It is worth stressing once again that those two changes may well be to many people';s tastes - and the Covent Garden audience certainly seems very enthusiastic. I, however, find them quite depressing. Isn';t it something of an admission of defeat to consider that this ballet';s atmosphere needs "lifting" - whatever that means in this context - by the injection of voices when audiences for the past 140 years have been quite happy with it as it was? I don';t think that I will be alone in thinking that, in general, raucous shouting destroys the magical atmosphere of classical ballet, even in the often flashy and musically rum-ti-tum world of Don Quixote. Meanwhile, the flamenco guitar interlude - presumably inserted primarily to add atmosphere but also serving as an opportunity for a bit of emoting from the lovesick Don - did little for me except to slow the action right down to an unnecessary degree.
 
Nor am I too happy with the new orchestral score. Anyone familiar with performances by the orchestras of the Bolshoi, who have been playing Don Quixote since its 1869 premiere, or the Mariinsky, who have had it in their repertoire since 1871, will know how impressive Minkus';s music is when presented in its richly coloured and weighty original form. A frankly condescending belief that modern audiences won';t feel comfortable with it seems to have begun in the 1960s and 1970s when it was fashionable to mock and discard much of the past in favour of ephemeral novelty. Thus, when putting together his 1973 Don Quixote feature film, Rudolf Nureyev - always keen to be seen as an artistic trend-setter - asked John Lanchbery to create a more contemporary orchestration. In practice, that meant adding all sorts of inauthentic and unnecessary tiddly-pom-pom-pom moments, as well as using trumpets and other instruments to point up the on-screen action in an often rather crude and vulgar manner. Sadly, the musical approach in Carlos Acosta';s production is closer to Lanchbery's approach than to the Bolshoi's. While Russian forces depict the Barcelona cityscape as if a thrillingly vibrant and dramatic canvas in oil paints, here it's revealed as a bright poster executed in acrylics for a Costa Brava package tour.
 
With my two personal reservations out of the way, I need to stress that there is still a very great deal to enjoy in this production. For one thing, the story has been given greater than usual coherence by the extra prominence accorded to the character of Dulcinea. The very effective and focused Prologue makes it plain that she is the real inspiration for what follows and that the eponymous hero is suffering an all too genuine psychological obsession. In a similar way, Dulcinea reappears briefly in the first Act (43:34-44-27): the lights dim, the rest of the on-stage action is frozen in time and we are reminded of the Don';s ever-present fixation on his womanly ideal. Something similar happens, though this time without the appearance of a visible apparition, in Act 2';s gypsy encampment. All this is a definite improvement on those productions where Dulcinea is gratuitously - and, for those unfamiliar with the story, inexplicably - shoehorned from time to time into the proceedings.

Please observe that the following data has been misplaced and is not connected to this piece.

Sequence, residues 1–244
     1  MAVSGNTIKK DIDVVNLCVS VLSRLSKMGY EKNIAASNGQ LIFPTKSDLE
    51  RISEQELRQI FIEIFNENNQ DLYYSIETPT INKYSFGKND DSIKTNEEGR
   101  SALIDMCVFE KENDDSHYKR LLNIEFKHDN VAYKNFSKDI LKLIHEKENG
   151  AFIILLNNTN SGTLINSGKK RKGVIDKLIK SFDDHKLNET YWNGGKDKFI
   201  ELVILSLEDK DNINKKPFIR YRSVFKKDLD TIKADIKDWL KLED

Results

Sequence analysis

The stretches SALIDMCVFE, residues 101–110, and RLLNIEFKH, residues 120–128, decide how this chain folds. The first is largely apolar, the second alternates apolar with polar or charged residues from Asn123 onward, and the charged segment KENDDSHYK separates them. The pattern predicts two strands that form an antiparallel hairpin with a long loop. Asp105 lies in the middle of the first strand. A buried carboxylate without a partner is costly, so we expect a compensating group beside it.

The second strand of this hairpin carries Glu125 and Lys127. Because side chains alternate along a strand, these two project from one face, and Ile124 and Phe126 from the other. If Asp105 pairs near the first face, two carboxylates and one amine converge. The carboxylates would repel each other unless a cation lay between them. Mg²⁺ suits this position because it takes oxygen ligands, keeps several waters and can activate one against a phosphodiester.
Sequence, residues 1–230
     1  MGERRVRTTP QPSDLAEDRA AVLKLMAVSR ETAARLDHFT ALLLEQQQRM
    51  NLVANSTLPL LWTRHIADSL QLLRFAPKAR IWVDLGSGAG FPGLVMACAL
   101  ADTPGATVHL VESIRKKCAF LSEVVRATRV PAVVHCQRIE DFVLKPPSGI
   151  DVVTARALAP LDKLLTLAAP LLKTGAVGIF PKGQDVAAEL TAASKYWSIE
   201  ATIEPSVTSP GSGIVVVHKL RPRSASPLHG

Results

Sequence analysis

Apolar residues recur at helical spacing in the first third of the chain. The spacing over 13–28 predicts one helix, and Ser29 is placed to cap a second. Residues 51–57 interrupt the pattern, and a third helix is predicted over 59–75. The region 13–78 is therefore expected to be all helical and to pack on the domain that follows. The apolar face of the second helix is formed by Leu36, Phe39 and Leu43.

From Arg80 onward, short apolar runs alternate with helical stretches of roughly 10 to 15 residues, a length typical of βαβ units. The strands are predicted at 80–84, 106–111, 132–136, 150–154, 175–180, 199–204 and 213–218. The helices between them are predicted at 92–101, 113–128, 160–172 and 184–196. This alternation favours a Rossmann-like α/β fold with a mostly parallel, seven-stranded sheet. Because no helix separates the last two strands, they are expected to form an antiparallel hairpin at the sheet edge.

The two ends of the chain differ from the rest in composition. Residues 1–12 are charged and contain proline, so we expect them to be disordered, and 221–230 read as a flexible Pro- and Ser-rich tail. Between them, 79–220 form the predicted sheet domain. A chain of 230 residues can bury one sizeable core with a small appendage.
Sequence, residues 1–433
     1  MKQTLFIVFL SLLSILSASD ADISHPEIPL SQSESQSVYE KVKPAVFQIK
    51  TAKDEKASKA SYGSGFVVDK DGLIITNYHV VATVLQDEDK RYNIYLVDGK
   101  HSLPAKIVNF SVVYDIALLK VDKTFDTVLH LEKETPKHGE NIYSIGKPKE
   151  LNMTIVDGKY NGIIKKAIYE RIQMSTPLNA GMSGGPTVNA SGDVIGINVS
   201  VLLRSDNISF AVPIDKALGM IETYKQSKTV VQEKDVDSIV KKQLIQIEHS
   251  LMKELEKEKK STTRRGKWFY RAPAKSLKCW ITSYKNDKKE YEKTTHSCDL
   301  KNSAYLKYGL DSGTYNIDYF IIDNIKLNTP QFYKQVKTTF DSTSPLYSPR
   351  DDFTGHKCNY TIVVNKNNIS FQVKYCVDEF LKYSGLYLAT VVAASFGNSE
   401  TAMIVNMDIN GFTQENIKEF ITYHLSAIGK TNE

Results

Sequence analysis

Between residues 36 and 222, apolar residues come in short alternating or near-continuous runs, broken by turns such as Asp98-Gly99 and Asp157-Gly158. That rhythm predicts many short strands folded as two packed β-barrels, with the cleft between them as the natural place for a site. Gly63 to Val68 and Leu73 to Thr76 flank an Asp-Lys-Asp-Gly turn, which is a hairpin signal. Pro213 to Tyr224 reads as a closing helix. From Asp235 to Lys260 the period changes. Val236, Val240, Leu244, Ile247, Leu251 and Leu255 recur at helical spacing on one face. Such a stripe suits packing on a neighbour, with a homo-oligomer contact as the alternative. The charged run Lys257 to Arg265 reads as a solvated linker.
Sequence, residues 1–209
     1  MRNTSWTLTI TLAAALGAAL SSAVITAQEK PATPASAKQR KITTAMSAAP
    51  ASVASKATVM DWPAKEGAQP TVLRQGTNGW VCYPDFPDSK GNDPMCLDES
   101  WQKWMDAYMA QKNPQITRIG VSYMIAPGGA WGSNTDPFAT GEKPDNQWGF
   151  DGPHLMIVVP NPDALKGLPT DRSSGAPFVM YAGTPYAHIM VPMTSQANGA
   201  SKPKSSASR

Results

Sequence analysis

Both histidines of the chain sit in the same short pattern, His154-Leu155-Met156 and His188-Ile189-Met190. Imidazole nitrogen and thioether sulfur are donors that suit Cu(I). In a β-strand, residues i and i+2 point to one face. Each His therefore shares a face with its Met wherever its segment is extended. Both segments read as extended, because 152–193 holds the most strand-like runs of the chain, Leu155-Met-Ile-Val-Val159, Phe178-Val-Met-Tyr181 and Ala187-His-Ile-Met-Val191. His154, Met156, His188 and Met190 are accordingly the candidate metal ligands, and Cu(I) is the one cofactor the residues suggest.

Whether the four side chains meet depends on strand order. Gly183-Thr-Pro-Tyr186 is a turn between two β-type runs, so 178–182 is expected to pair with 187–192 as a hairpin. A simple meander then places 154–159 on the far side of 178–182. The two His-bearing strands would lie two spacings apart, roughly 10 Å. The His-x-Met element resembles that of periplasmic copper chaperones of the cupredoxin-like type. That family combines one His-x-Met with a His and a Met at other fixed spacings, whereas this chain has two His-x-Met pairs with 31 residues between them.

I also appreciated Tim Hatley';s set designs. The more abstract ones used for Act 2';s gypsy camp and especially during Don Quixote';s dream were particularly striking, but the Act 3 tavern set was also a success. I liked Act 3';s town square which was all the better for providing a big space for the dancers. That was a big improvement over Act 1 where, supposedly depicting the same square, the stage had been far more constricted by large flats which, although attractive and eye-catching in themselves, occasionally moved around spontaneously and for no clear purpose at all (10:16-10:27 and 33:39-33:54). Another clever design was that of Don Quixote';s horse. Some productions like to use a real animal, which usually goes down well with an audience, even if, I suspect, some members are secretly hoping for the excitement of an unscheduled on-stage "accident". Animal welfare concerns usually mean, however, that the beast is acceptably sleek, healthy and well-fed, which is frankly nonsense, given that the impoverished and rather tatty Don otherwise sports a battered shaving bowl for a helmet and an old bedpost for a lance. Tim Hadley overcomes that issue here very successfully by creating a mangy and utterly bedraggled creature, largely composed of straw and moving on wheels, somewhat reminiscent of the "animal" depicted in the stage production of Warhorse.